#21. Dock Ellis: It's been said that the '60s didn't hit baseball untill the '70s, which makes Dock Ellis is the Timothy Leary of the grand old game. Under the mistaken impression that he had the day off, Ellis dropped acid on June 12, 1970, only to find out that he was pitching that day against the San Diego Padres. A nine-inning journey to the center of the strike zone followed, with Ellis barely able to focus on home plate or figure out how to hold the ball - and throwing a no-hitter anyway. He was presumably sober four years later, when he attempted to hit every batter in the Cincinnati Reds lineup in retaliation for an incident when he was maced by security at the Cincinnati stadium for refusing to identify himself. And he said perhaps the greatest line ever to sum up the new players' refusal to kowtow to management. In 1977, as player rep of the Texas Rangers, Ellis said of heavy-handed manager Billy Hunter: "He may be Hitler, but he ain't making no lampshade out of me."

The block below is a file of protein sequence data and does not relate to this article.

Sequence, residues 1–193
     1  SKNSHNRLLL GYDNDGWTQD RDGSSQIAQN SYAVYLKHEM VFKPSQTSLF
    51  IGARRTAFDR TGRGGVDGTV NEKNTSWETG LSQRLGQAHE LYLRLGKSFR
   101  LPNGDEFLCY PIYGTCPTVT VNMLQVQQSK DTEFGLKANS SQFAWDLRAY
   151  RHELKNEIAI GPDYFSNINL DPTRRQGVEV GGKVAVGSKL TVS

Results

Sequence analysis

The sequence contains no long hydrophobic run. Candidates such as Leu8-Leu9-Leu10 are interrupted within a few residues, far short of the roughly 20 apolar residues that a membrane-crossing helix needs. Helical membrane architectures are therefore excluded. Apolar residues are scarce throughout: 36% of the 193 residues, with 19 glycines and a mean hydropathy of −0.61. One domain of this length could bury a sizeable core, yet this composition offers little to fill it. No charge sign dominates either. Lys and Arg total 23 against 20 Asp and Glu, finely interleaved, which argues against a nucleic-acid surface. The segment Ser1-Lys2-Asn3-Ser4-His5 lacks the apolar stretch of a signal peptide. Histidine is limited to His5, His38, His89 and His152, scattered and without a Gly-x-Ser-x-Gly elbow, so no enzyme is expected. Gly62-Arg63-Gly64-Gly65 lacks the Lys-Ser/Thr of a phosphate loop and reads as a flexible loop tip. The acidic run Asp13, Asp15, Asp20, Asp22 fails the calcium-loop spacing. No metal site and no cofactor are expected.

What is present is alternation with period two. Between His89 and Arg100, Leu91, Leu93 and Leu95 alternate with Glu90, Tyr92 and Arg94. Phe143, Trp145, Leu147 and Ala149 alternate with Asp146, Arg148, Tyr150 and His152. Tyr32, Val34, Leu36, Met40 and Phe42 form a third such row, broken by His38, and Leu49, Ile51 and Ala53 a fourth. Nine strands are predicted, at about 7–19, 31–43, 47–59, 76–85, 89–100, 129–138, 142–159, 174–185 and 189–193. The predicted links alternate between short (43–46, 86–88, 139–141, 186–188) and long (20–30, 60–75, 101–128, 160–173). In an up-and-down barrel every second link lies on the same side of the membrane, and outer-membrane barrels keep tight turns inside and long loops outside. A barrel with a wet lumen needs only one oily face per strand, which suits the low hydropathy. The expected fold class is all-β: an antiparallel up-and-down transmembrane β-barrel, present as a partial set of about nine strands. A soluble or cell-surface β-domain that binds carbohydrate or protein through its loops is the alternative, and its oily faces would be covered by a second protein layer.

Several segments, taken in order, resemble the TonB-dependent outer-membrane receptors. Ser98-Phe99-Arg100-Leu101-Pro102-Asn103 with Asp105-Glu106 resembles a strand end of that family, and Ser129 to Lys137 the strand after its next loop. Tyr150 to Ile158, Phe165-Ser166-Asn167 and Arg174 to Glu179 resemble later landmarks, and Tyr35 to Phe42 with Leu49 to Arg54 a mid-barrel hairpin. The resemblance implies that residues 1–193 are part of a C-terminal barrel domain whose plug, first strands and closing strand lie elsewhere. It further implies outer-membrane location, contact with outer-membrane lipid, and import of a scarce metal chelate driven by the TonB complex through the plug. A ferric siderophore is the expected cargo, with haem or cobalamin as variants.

We're really getting weird now! Coming soon: the top 20 greatest American weirdos, right here on the Woot blog! And as always, Keep America Weird!